Most studies of consumer behavior show that, paradoxically, the more expensive the purchase, the less likely a person is to rationally do a cost/benefit analysis. If you are buying a mobile phone, for example, you'll likely go through a pretty thorough comparison of the feature set with the cost, even if only mentally. With houses and cars, on the other hand, people are more likely to go with their intuition. And, even more paradoxically, most people are happier with purchases that they approach intuitively, or maybe its just that they don't mind suffering buyer's remorse over a $200 iTouch while for a $20,000 car it would be too much.
At any rate, I pointed out to him that most people bought hybrid cars largely for the same reasons that people bought any car, though of course saving on gas was definitely a factor. These are (in order of most important to least important):
- Because the car's image fit the image they wanted to project to the world,
- Because they liked the styling, technology, comfort, ride or some other physical characteristic of the car,
- Because the car had a reputation for reliability and efficiency.
And people buy a Prius because they're concerned about saving the planet and want to show it to their friends and neighbors, the hybrid technology is the latest in drivetrain technology and the car has a nice ride (though of course not as cushy as the Lexus), and in addition to the standard Toyota reliability, it near the top of the charts for vehicle efficiency (some diesels are higher).
As another data point, consider that the only hybrid which has sold really well is the Prius, which is a brand specifically identified with hybrids. Toyota tried to turn their hybrid drivetrain technology into a brand ("Hybrid Synergy Drive") but the hybrid Highlander, Camrey, and Lexus which have the drivetrain brand haven't sold nearly as well as the Prius. Similarly with the hybrid Honda Civic (the Insight doesn't count, it was too small to really be competitive for most people). People buy a Prius because they identify with the brand and they want others to know it.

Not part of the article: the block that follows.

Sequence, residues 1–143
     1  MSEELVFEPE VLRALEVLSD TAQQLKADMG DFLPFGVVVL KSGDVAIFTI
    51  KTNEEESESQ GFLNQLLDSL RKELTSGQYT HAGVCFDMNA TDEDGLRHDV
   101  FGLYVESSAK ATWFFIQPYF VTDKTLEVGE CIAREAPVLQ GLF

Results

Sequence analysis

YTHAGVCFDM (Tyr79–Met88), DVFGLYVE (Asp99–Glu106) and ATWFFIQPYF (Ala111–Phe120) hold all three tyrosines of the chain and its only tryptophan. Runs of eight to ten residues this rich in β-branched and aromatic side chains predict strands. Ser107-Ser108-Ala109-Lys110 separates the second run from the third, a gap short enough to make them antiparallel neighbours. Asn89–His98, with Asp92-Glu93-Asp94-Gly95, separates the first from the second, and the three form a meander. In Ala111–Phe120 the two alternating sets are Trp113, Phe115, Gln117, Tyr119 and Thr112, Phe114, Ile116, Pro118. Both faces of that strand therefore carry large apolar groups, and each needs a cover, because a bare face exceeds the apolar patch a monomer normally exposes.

As an engineer, rationally, I find this a little puzzling but then I think about my own auto purchasing behavior. My Plug-in Prius (converted by adding an A123 Systems booster battery) has milage up to 110 mpg with all-city driving, cost about as much as a Lexus, and has a ride more like a BMW because they had to add special shocks to handle the extra battery weight. It's also got a lot of decals on it identifying it as a plug-in hybrid electric vehicle (PHEV). I got the decals put on so that people would know that, despite all the delay (especially at Toyota), PHEV technology could be here today if the auto companies just put in a little effort. OK, so maybe I wanted to project a particular image to the world a little too. :-)